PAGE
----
-- Paul Kuntzler said that when he and nine other people picketed the White House 50 years ago today, protesting the government's treatment of gays and lesbians, he could not imagine how far the gay rights movement would come in five decades.
That protest on April 17, 1965, is believed to the first gay rights demonstration, advocates say.
"It was so revolutionary,” Kuntzler, 73, said. “It had never been done before anywhere in the world. We all wore coat and ties and we all had pseudonyms."
At the time they felt they had to use made-up names to protect their identities, he said.
"I was intrigued by the idea. But I was intimidated by all the photographers. I was only 23. And as they came across the street they started photographing us. Every time I approached the cameras, I hid behind my sign because I was unnerved by the whole thing. But I don’t think I was scared. I was very open and proud of being gay.
"People passed by in disbelief. It was written on their faces," he recalled. "It had never had happened before.”
The group was mostly fighting for gays and lesbians to keep their government jobs. Fifty years later, Kuntzler, who spent his life working for gay rights, is astonished by how the country has evolved and the strides the community has made.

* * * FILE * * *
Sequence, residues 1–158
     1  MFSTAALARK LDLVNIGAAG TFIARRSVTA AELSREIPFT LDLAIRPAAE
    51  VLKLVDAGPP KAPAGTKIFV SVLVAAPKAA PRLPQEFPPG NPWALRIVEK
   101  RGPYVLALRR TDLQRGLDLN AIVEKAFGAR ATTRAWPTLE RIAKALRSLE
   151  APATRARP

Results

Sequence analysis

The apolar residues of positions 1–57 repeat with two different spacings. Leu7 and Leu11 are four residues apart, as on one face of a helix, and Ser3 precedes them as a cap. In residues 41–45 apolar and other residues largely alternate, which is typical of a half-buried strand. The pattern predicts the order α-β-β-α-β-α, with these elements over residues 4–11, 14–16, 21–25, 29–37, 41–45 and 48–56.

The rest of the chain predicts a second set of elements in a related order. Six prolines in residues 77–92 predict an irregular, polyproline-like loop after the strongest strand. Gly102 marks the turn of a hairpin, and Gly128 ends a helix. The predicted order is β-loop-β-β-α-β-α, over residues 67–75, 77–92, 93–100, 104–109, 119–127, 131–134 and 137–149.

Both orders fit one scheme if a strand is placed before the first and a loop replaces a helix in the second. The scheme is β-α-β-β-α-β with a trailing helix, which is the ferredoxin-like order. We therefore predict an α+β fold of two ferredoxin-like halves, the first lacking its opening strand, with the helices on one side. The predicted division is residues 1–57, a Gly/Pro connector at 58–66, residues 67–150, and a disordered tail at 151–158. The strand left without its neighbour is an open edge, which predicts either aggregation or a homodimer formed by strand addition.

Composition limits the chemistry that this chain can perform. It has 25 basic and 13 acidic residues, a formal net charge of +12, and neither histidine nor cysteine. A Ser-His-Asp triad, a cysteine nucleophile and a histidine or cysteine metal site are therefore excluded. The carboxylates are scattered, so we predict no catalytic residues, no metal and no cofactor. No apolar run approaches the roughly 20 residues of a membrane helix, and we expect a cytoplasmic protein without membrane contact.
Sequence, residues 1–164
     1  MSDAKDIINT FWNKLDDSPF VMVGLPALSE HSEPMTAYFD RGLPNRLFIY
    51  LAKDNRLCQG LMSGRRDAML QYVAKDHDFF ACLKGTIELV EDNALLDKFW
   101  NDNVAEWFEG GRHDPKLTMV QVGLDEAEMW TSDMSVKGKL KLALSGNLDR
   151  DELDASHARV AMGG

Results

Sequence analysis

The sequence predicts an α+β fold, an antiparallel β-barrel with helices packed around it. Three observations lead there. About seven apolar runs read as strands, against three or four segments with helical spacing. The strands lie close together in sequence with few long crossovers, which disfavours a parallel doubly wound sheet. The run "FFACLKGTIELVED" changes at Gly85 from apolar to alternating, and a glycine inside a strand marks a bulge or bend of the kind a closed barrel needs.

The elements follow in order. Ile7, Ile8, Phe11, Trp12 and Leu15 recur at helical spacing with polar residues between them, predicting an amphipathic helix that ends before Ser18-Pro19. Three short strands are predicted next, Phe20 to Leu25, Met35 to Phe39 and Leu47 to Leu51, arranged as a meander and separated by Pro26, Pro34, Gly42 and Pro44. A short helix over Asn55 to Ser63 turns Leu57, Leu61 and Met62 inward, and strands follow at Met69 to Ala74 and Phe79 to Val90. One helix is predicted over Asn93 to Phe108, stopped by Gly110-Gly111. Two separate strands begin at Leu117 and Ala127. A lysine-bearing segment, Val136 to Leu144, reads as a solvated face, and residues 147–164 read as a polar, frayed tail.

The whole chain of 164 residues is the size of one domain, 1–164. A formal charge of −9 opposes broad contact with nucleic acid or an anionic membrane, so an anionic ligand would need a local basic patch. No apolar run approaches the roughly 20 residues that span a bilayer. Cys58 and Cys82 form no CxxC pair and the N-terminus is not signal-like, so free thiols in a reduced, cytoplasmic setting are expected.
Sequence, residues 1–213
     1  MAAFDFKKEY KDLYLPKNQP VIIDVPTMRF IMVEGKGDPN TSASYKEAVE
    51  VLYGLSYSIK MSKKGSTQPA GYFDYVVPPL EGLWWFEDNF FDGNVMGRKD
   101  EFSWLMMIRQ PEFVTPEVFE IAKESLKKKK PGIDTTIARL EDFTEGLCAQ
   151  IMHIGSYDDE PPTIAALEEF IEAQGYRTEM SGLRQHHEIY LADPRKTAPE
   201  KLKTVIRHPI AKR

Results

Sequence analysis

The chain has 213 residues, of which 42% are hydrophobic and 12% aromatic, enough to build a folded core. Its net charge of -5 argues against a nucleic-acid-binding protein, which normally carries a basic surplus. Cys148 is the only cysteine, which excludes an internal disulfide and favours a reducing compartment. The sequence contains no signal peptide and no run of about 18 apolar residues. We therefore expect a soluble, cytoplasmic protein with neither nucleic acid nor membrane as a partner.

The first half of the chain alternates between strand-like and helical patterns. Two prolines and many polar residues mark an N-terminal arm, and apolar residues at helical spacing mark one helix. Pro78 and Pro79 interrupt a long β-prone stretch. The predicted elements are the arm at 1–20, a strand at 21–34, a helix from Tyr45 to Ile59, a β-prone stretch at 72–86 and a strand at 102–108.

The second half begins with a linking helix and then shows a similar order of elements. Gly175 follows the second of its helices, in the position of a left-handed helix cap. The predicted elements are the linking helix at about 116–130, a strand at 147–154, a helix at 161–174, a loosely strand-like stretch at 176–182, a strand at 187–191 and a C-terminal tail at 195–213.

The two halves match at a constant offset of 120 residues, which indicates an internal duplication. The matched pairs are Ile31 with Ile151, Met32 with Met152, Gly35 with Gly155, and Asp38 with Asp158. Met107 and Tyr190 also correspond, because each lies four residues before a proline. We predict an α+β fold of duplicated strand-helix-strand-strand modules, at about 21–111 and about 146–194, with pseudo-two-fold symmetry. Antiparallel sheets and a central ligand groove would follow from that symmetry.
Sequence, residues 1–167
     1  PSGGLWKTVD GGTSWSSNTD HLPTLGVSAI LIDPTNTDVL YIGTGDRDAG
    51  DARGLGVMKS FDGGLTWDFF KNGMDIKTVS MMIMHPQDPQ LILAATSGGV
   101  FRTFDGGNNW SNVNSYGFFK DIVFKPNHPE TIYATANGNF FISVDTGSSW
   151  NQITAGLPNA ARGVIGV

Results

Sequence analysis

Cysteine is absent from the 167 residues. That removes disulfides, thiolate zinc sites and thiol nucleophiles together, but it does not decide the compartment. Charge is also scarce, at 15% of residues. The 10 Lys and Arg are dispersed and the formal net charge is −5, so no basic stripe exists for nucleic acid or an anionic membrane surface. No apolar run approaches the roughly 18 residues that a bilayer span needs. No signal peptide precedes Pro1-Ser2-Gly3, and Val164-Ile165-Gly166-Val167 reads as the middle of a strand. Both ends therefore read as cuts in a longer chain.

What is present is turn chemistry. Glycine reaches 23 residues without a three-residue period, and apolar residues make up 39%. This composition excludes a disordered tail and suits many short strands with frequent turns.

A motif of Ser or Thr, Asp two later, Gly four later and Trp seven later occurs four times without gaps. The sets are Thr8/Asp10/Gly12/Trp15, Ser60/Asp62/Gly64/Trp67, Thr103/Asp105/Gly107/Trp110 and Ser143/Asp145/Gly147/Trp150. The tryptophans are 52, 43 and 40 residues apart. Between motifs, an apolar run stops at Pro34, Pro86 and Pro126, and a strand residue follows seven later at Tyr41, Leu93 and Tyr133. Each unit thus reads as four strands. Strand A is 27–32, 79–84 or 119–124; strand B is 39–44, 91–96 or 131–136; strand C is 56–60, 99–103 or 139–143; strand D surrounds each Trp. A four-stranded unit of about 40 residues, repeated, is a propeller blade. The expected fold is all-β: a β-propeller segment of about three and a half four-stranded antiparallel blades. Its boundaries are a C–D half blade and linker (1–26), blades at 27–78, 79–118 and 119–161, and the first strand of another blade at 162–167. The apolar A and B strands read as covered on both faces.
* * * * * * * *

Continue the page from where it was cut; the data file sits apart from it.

“My sign read, '15 million homosexuals protest federal treatment.' It reflected what I thought," said Kuntzler, who was working as a brick and tile trade associate at the time.
The Washington resident added: "We could not conceive then the astonishing progress we would eventually make as a community. The idea that gay people, gay men and women, could work openly in the government and serve in the military. It was beyond our imagination.
For others, it's hard to imagine what life would be like if it weren't for the pioneers at the White House picket like Kuntzler, Barbara Gittings or Frank Kameny, who all went on to be leaders in the gay rights movement.
"It's awesome to say, as a 52-year-old lesbian, that I have a daughter -- as if it's such a simple thing," said Ellen Kahn, head of the Children, Youth and Families Program at the Human Rights Campaign. "When Barbara Gittings protested in front of the White House, LGBT people couldn't imagine getting married, having children, and being out and protected at work."
For Kuntzler there is a sense of accomplishment.
"I never thought it would happen way back then," Kuntzler says. "I was never terribly interested in advancing myself but in advancing the community. I was able to accomplish that."